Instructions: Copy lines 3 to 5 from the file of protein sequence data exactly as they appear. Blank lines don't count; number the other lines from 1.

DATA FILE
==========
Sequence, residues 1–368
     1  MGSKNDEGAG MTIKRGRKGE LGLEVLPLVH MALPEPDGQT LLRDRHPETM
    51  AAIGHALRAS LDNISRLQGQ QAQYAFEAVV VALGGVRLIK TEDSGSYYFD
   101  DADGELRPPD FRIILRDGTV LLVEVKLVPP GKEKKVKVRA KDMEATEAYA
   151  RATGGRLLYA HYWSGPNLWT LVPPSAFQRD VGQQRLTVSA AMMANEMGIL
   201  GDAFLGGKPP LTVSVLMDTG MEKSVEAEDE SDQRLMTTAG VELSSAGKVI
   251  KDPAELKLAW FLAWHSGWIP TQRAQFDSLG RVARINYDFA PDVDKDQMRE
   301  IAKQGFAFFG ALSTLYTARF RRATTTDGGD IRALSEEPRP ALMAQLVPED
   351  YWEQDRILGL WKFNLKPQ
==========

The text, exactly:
    51  AAIGHALRAS LDNISRLQGQ QAQYAFEAVV VALGGVRLIK TEDSGSYYFD
   101  DADGELRPPD FRIILRDGTV LLVEVKLVPP GKEKKVKVRA KDMEATEAYA
   151  RATGGRLLYA HYWSGPNLWT LVPPSAFQRD VGQQRLTVSA AMMANEMGIL